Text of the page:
How the recent political circus will play out in the built environment
After Liz Truss’s tumultuous 49 days as Prime Minister, you’d be forgiven for thinking Westminster had calmed down.
No such luck for Rishi Sunak…
Boris Johnson made news last week having moved a by-election in Uxbridge following the findings of the Parliamentary Standards Committee. Compounded by Nadine Dorries MP decision to stand down and triggering Nigel Adams MP to resign, the move has created a trio of electoral tests for the Government.
It should be noted that as of writing Nadine Dorries is still yet to tender her resignation formally, thereby delaying the potential date for all three by-elections.
As the parliamentary circus plays out, the background business of candidate selection now begins. This raises a question, to what extent do these parliamentary by-elections have an effect on our local engagement efforts?
There is an obvious and immediate answer…
New politicians + new stakeholders = more engagement. And so the cycle continues.
One example that comes to mind is in Uxbridge, where Danny Beales is standing for Labour. An experienced Councillor who has effectively steered regeneration at Camden for many years now will be a keenly felt loss for local government and the sector.
However, see enough of these contests and the patterns begin to tell you something interesting about the parties and their priorities.
The decision by the Conservative Party to keep Paul Scully AM off the shortlist for the London Mayoralty is an interesting one, and it currently tells us a number of things about the Conservative Party in London that, in a little-known field, the one candidate that had the most recognition was not seen to represent the Conservative’s best chance for success. Was it that the Minister for London was not good enough to do the job, or is the risk of a further by-election simply a bridge too far for the Prime Minister?
Ultimately it suggests that in our current era of “culture war” politics, the London Mayoralty is secondary to the job of persuading voters outside the M25.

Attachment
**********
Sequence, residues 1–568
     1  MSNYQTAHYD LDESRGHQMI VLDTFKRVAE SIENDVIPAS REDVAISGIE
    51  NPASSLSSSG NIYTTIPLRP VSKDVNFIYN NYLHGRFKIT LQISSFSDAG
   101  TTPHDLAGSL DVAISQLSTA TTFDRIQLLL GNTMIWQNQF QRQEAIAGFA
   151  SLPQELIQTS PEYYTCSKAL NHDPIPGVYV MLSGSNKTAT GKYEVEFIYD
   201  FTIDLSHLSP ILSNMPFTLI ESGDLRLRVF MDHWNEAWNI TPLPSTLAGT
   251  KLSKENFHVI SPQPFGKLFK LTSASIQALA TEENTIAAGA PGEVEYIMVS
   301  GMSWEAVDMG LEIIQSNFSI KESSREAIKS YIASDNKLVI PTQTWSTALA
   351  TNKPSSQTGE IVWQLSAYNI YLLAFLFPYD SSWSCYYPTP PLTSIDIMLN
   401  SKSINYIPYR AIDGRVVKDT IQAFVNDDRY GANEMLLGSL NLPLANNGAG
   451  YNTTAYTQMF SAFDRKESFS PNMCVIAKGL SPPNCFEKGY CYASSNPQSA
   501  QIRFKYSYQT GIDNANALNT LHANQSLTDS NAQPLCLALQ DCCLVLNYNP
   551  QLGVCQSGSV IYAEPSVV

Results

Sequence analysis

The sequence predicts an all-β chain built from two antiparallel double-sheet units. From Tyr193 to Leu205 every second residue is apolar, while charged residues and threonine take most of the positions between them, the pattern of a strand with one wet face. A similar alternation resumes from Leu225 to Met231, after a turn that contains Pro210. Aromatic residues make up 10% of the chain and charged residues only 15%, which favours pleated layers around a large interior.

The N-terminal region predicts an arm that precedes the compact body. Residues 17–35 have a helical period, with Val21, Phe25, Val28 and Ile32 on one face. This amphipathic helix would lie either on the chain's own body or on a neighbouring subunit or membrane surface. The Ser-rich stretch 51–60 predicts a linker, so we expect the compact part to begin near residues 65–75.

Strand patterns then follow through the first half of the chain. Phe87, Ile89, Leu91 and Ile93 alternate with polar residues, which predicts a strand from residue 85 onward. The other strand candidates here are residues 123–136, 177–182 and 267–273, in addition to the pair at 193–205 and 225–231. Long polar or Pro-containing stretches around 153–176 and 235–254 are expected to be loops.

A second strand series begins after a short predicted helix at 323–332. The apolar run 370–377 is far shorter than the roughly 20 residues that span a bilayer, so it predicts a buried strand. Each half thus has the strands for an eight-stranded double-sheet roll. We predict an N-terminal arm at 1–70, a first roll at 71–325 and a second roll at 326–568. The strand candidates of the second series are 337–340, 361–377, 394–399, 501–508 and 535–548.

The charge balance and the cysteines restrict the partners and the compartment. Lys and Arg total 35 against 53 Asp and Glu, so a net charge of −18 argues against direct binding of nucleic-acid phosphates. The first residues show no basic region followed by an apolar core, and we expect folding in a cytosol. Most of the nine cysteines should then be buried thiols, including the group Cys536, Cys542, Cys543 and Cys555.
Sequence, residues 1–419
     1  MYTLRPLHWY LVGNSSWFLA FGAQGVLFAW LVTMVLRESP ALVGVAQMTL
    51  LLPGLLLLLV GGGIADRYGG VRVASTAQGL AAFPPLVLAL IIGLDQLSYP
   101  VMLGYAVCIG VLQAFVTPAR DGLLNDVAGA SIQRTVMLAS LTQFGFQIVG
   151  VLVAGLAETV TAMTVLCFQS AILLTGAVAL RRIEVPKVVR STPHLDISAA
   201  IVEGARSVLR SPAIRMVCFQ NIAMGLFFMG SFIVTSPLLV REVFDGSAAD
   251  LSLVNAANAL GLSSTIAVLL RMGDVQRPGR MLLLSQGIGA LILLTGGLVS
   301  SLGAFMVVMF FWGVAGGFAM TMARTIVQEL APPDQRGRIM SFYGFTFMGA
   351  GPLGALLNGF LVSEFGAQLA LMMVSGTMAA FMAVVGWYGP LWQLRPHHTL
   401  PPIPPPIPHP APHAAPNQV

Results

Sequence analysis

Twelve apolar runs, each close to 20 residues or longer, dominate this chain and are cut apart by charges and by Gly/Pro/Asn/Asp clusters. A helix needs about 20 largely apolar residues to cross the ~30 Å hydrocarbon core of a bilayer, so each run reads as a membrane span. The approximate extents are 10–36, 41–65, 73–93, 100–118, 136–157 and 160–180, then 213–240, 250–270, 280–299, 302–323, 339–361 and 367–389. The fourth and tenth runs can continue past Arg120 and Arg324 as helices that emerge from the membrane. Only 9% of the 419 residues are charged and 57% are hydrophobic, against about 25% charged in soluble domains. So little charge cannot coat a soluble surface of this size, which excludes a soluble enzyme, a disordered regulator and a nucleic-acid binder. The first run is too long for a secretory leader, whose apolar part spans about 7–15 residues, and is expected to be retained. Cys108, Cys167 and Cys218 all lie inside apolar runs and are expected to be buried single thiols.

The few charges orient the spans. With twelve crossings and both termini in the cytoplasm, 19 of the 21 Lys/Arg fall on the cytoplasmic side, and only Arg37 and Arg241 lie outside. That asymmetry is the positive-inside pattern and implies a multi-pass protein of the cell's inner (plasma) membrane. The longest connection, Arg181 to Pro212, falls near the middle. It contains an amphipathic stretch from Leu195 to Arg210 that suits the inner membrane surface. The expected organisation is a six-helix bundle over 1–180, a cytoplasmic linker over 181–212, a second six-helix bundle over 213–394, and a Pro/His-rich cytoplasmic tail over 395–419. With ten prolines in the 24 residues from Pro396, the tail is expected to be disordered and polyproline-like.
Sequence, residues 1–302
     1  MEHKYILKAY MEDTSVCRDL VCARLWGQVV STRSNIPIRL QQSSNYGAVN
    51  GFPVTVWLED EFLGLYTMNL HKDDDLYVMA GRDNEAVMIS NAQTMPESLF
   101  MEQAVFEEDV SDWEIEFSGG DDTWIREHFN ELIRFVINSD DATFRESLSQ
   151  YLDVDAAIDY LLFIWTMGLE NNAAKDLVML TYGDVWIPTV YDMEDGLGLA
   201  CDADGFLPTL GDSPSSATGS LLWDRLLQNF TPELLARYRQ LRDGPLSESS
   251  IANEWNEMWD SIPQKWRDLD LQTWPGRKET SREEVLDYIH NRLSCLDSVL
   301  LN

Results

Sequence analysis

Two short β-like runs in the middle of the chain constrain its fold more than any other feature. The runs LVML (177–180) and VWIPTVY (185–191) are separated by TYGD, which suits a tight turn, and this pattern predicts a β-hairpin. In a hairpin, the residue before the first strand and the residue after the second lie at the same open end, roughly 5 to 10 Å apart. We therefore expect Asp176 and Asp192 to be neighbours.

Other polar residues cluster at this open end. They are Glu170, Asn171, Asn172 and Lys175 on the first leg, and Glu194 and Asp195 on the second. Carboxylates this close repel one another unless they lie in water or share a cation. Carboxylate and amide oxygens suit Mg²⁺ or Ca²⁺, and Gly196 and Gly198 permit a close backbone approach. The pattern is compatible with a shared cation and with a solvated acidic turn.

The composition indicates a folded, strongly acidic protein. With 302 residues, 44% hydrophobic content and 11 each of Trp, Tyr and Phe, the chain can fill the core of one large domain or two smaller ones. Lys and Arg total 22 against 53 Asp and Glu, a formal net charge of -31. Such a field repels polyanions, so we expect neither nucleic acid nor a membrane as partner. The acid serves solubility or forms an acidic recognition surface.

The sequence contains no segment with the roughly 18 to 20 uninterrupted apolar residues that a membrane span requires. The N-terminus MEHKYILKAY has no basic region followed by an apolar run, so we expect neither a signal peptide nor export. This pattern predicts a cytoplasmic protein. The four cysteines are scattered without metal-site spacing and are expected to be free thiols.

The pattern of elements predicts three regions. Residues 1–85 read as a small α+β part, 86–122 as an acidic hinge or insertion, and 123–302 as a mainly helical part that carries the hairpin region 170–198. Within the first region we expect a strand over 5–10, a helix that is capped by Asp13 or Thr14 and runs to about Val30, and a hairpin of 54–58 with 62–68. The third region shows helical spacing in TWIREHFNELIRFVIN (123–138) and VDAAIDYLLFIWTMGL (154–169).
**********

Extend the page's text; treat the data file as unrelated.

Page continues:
As for Labour, the recent refusal of the party to put Jamie Driscoll, the sitting Mayor of North Tyne, on the very same mayoral shortlist has caused a bit of an uproar. For those who scrutinised the Corbyn era in any great depth, this may seem like less of an outrage and simply the tables being turned. However, it says more than that.
Before the ’97 election and despite a generous poll lead, Roy Jenkins described Tony Blair as, “like a man carrying a priceless Ming vase across a highly polished floor”.
Keir Starmer now finds himself in a similar situation. The level of scrutiny faced by prospective Labour candidates will be higher than ever, both internally and externally. A candidate who is outspoken and jeopardises Labour’s efforts to persuade the public is an indulgence the party can ill afford. This does not explain the particulars of why Jamie Driscoll didn’t get renominated, but it does help us understand the context.
What does this mean for the built environment, I hear you all asking.
Frustratingly, many of the sector’s issues will be relegated to the dichotomy of pro or anti-development. As we saw in Chesham and Amersham, a by-election is no friend to a nuanced discussion about housing delivery.
With the addition of candidates outside of the mainstream, see Laurence Fox in Uxbridge, the debate becomes even less focused. Instead, issues become polarised and “culture wars” politics obscures the meaningful discussions our politicians need to be having.
On the other hand, if experienced Councillors (like Councillor Beales in Uxbridge) do become more prevalent in Parliament, we might see a new Government with a keener emphasis on housing delivery and social housing.
In short, the candidates matter because they create the context for where our stakeholders operate.
Councils will forestall a local plan because they fear the wider electoral consequences and difficult conversations with residents about service reprovision may hold up strategic Joint Ventures. London is as much subject to these forces as elsewhere. Particularly as many of the political parties draw candidates from the capital to represent seats further afield.
Yes, many of us enthusiastic punters enjoy the political circus, but over the horizon, we can see how these electoral tremors will affect the priorities of future decision-makers and councils towards the built environment for years to come…